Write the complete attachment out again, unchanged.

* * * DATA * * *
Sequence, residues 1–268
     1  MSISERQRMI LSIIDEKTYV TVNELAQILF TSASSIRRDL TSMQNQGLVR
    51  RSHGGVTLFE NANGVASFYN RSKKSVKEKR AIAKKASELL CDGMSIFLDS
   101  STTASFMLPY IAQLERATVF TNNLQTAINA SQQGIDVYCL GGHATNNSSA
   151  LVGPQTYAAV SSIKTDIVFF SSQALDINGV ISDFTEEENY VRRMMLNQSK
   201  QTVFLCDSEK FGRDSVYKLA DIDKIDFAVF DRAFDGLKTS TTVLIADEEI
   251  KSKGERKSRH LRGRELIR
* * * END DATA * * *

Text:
Sequence, residues 1–268
     1  MSISERQRMI LSIIDEKTYV TVNELAQILF TSASSIRRDL TSMQNQGLVR
    51  RSHGGVTLFE NANGVASFYN RSKKSVKEKR AIAKKASELL CDGMSIFLDS
   101  STTASFMLPY IAQLERATVF TNNLQTAINA SQQGIDVYCL GGHATNNSSA
   151  LVGPQTYAAV SSIKTDIVFF SSQALDINGV ISDFTEEENY VRRMMLNQSK
   201  QTVFLCDSEK FGRDSVYKLA DIDKIDFAVF DRAFDGLKTS TTVLIADEEI
   251  KSKGERKSRH LRGRELIR